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Student Invited to Share Expertise at Global Alliance Meeting

November 8, 2016

Jessica Agnew works with businesses to address malnutrition deficiencies.

Like many in Virginia Tech’s Department of Agricultural and Applied Economics, Jessica Agnew, a first year PhD student, is searching for ways to address today’s economic and development challenges by confronting business and health issues in developing countries.

“My work focuses on engaging the private sector in addressing malnutrition; specifically, micro-nutrient deficiencies,” said Agnew.

Agnew will deliver a presentation at the Global Alliance for Improved Nutrition (GAIN) technical advisory meeting in Washington, D.C. on November 10th. The presentation will cover methodology on consumer segmentation and poverty indices. 

In addition to presenting at the advisory meeting, Agnew was asked to collaborate with other food systems, sociology, markets, and policy experts to develop a framework for GAIN’s upcoming case study series.

“It is impressive that a graduate student was invited to participate in this sort of event,” affirmed professor Kevin Boyle, Agnew’s PhD advisor. “Agnew’s previous work abroad gave her valuable experience in assessing the ability for businesses to deliver nutritious foods to low-income markets.”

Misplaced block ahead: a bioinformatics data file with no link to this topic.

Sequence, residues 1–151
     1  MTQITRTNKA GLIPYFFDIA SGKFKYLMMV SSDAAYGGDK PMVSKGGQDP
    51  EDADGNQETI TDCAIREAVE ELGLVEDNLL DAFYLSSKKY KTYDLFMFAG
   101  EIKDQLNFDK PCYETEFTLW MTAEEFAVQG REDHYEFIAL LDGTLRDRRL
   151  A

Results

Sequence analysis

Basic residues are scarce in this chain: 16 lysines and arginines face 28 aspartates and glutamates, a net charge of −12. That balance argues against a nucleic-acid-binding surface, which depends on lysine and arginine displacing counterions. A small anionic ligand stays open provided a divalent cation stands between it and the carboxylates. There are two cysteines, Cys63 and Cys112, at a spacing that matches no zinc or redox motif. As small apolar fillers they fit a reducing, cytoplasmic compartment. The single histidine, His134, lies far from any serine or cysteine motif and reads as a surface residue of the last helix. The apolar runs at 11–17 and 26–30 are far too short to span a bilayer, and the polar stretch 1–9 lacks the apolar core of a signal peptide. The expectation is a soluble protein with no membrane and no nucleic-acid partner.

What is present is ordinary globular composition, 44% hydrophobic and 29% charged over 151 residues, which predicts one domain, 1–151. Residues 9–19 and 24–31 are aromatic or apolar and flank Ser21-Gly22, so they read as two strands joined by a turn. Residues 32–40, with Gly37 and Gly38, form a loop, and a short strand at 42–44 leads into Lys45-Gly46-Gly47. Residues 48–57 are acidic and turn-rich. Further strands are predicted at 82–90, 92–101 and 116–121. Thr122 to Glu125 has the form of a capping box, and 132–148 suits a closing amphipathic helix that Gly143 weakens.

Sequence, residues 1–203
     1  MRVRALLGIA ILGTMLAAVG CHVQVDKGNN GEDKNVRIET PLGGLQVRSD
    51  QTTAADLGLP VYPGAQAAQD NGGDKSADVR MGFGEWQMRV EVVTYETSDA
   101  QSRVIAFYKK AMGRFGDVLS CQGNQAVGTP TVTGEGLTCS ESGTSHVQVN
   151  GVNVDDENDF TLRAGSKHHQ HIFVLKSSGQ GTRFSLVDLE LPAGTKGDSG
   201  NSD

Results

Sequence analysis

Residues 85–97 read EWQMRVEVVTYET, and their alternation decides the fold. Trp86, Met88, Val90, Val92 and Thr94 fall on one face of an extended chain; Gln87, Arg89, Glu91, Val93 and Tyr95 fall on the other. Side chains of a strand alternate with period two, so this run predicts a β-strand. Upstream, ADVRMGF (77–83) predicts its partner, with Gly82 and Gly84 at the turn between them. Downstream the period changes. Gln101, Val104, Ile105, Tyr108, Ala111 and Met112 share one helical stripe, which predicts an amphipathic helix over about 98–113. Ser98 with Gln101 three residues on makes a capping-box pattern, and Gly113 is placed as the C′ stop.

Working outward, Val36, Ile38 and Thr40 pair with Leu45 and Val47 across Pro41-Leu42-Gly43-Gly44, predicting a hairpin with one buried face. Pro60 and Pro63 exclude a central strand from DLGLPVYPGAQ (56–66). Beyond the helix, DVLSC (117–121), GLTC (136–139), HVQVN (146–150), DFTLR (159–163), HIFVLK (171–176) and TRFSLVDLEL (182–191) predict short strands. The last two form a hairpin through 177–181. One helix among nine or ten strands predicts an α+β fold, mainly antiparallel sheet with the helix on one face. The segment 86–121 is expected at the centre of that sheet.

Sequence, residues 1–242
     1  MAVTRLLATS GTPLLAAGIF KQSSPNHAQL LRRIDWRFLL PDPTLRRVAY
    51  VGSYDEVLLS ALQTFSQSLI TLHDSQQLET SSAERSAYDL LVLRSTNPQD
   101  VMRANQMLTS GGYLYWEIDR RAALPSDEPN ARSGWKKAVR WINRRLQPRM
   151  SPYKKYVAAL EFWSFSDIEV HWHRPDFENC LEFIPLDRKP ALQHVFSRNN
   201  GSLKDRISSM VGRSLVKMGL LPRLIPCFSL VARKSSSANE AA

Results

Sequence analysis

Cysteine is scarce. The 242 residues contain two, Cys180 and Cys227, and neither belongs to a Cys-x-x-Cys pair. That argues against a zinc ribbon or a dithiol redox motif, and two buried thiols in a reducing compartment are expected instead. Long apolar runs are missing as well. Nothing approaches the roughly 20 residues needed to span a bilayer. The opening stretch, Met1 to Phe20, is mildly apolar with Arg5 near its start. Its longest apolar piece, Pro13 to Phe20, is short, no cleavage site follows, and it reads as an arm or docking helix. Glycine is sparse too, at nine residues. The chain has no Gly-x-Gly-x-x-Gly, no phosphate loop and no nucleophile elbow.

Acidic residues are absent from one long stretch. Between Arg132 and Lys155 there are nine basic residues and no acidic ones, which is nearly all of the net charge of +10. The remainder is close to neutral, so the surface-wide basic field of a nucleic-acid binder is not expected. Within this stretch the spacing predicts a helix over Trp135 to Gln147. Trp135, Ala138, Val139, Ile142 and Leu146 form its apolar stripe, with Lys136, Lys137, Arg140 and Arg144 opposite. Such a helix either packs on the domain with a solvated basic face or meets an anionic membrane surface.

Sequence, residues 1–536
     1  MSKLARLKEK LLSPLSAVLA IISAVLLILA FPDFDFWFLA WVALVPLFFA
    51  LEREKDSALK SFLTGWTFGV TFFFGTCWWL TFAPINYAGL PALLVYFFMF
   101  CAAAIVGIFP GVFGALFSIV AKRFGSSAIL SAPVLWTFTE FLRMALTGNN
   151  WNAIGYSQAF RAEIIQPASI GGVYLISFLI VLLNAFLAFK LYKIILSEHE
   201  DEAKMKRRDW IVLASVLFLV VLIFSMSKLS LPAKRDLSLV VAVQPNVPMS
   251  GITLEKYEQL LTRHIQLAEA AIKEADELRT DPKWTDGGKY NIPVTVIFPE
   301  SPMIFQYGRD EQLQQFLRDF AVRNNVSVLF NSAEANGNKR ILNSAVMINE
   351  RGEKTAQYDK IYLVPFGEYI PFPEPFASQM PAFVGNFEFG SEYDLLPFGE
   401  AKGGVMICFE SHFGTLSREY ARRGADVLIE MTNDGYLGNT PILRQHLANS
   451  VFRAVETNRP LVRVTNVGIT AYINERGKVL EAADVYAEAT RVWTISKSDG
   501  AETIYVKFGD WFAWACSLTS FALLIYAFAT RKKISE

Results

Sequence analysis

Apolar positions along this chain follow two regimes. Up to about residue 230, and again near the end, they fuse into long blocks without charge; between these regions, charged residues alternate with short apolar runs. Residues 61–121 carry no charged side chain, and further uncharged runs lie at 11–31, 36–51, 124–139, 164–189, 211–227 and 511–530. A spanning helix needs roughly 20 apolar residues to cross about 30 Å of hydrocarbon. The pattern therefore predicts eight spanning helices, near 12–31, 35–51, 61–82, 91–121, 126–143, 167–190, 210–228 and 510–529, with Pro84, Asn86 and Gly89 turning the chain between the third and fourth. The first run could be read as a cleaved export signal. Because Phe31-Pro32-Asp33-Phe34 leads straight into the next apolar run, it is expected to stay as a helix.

Last November Agnew worked with GAIN on their Marketplace program in Kenya talking to business owners and other stakeholders to discover how businesses could be structured to achieve overall scale and sustainability.

“Getting businesses to this point is a complex process,” stated Agnew. “How can you make business models work to reduce micro-nutrient deficiencies? Are consumers actually consuming enough to reverse micronutrient deficiencies? Are nutrient-dense foods actually able to make it to those who need it most?”

GAIN’s research is among the first to address these questions and the objective of the advisory meeting will be to refine the approach in answering these questions.

“I’ve seen examples of businesses succeed in bringing nutritious food to lower income consumers,” said Agnew. “It’s just a matter of figuring out how to make the market work in such a way to reduce high rates of micronutrient deficiencies.”

 

Contact:

Jillian Broadwell